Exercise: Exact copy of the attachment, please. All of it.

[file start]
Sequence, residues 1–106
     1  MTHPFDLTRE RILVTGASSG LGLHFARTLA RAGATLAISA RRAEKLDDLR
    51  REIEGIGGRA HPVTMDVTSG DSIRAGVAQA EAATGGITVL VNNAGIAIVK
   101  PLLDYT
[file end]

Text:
Sequence, residues 1–106
     1  MTHPFDLTRE RILVTGASSG LGLHFARTLA RAGATLAISA RRAEKLDDLR
    51  REIEGIGGRA HPVTMDVTSG DSIRAGVAQA EAATGGITVL VNNAGIAIVK
   101  PLLDYT